strengths in the industry of UK teacher training and publishing. I like to think Shane English School has played no small part in
this shift. There is now a plethora of British English schools throughout Japan and this pleases me enormously.
Has the way English is taught at Shane English School changed over the years? How would you describe the methods used today?
Yes, it has always changed. It's still changing and, no doubt, will always change. We are constantly trying to improve our teaching
styles and take advantage of new ideas and technology to stimulate the students and the teachers. Looking for that magic wand?
Shane English School was presented with a Coat of Arms in 1998 by the 'Heraldic Household of the Queen' for recognition of services to English teaching. That must have been a huge honour.
Yes, it was. This was the first time that an English school has been awarded a Coat of Arms.
Tell us about the Shane Global Village project.
Two years ago, the Shane English Schools in the UK, New Zealand and South Africa merged with the Global Village schools in Canada and
the USA. We have since established two Shane Global Village schools in Australia: Sydney and Brisbane, and will be opening a new school
in England next month - on the south coast in Hastings. With immersion schools in six English speaking countries, we are now one of the
major players in this market and have aggressive plans for yet more schools over the next three years.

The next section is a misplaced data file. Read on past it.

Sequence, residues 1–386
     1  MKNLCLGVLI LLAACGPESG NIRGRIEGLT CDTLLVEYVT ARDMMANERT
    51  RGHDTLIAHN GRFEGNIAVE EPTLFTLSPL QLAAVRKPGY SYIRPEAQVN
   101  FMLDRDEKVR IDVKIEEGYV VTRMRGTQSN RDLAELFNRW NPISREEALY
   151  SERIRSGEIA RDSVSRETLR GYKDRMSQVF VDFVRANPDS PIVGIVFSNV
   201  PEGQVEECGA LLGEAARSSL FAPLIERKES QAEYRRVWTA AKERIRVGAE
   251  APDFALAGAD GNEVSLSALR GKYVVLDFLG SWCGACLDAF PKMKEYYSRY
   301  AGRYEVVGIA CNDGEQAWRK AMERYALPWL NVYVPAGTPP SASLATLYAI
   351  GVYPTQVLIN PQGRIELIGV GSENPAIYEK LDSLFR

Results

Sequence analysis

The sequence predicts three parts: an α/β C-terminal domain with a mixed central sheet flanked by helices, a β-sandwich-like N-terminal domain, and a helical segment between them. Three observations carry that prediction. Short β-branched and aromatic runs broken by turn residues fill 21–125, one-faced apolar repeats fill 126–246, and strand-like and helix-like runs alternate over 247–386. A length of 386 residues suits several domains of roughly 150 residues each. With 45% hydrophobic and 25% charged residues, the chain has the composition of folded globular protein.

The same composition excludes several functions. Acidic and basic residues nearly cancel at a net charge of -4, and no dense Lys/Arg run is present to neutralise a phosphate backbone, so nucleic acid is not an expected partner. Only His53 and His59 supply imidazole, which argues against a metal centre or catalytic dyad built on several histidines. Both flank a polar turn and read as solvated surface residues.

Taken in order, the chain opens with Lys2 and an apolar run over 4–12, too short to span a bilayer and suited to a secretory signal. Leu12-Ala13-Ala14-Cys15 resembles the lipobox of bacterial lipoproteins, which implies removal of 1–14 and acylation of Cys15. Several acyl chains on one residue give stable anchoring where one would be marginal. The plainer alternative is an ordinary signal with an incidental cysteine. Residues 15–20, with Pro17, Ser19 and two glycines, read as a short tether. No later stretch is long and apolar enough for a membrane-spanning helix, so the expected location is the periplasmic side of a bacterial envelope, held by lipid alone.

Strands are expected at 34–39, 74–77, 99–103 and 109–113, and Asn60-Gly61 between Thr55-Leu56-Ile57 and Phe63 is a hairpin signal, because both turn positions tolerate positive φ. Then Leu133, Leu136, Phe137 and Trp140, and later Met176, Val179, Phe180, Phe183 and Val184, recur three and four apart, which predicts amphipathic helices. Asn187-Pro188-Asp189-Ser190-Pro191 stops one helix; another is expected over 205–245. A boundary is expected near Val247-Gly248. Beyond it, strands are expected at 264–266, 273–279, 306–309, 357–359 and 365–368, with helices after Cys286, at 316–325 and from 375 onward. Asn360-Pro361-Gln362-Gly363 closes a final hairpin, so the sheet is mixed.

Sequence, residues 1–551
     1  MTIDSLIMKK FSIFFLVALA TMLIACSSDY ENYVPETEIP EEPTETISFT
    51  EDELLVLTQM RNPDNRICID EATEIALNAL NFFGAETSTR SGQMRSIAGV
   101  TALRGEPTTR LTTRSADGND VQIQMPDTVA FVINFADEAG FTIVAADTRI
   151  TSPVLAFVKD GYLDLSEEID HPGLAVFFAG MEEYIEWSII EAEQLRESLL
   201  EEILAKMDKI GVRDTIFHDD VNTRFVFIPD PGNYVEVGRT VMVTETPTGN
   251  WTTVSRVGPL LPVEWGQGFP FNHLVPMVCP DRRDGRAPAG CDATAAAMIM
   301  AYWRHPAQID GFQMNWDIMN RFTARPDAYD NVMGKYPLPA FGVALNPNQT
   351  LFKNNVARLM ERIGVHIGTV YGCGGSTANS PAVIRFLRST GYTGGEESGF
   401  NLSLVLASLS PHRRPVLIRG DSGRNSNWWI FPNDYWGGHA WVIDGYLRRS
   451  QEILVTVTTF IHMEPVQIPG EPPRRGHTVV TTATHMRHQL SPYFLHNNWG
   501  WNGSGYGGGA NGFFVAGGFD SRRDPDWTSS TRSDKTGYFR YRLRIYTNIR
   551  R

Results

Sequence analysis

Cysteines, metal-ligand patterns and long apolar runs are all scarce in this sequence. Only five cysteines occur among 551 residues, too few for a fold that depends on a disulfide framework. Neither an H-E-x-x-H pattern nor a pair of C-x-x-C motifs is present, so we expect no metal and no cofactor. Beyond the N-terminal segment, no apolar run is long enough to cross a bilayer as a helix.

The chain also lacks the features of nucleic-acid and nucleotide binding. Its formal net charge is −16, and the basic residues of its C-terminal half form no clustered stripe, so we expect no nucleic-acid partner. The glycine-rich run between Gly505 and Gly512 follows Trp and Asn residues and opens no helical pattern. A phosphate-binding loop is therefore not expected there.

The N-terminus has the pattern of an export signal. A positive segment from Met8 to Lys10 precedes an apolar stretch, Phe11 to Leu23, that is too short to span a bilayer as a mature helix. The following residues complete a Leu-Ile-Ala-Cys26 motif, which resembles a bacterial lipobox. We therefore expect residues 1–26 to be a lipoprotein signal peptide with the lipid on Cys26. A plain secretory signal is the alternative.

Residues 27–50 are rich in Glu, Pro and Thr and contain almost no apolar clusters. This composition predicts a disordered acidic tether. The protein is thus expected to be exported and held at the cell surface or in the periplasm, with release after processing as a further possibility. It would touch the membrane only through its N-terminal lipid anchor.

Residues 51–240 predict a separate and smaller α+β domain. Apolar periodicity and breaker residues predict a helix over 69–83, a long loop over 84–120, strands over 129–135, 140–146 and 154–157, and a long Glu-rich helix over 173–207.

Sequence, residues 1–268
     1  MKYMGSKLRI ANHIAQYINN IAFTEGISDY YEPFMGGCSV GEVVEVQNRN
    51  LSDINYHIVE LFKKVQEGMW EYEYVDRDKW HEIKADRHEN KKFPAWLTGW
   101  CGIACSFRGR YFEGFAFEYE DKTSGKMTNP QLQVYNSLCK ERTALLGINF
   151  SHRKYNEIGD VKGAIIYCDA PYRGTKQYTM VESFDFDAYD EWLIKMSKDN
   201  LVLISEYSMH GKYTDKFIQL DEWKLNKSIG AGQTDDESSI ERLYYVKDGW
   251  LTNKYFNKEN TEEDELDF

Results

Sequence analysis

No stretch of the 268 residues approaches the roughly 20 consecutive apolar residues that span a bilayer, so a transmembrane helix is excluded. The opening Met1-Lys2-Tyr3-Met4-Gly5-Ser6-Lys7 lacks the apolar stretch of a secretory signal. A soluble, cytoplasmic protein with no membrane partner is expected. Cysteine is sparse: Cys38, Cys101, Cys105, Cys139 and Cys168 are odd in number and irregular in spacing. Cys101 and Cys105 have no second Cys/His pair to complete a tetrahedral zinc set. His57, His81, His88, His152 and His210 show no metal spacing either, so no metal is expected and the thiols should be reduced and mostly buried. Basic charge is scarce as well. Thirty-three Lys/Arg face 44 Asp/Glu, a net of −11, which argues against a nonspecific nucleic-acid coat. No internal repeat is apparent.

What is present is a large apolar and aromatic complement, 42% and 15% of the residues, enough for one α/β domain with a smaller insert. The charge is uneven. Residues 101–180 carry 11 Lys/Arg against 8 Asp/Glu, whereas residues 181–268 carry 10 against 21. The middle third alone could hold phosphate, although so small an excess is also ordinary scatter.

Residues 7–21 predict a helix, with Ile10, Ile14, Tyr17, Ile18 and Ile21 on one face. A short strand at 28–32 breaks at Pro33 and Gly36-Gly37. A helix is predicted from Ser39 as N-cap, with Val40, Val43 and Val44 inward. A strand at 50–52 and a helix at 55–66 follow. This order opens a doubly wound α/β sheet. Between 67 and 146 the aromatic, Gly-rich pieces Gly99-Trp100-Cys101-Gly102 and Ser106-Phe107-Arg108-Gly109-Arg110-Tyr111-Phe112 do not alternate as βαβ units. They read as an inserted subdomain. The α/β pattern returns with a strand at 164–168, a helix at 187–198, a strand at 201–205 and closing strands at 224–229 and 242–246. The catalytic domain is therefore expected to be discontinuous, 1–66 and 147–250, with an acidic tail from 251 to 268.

We are now able to offer our staff more varied career opportunities, too. We already have a number of teachers who have, for example,
worked a year in Poland then gone off to Taiwan for two years and then arrived in Japan (by which time they could well be Assistant
Director of Studies or Director of Studies) and, similarly, we are now encouraging Shane Global Village staff to move between countries.
We now have Australians, New Zealanders, South Africans and Canadians working in our schools in the UK, British people working in New
Zealand, South Africa and so on.
We could also offer teachers careers in other parts of the English language business, whether it be in publishing, book selling, teacher
training or recruitment. It makes me proud that we can offer such opportunities and continues the tradition of having fun and exciting
schools for students and staff alike, which that first school back in Funabashi in 1977 was based on.
What does the future hold for you and your school?
Lots of hard work, lots of fun, lots of satisfaction and being able to think that I've done my best.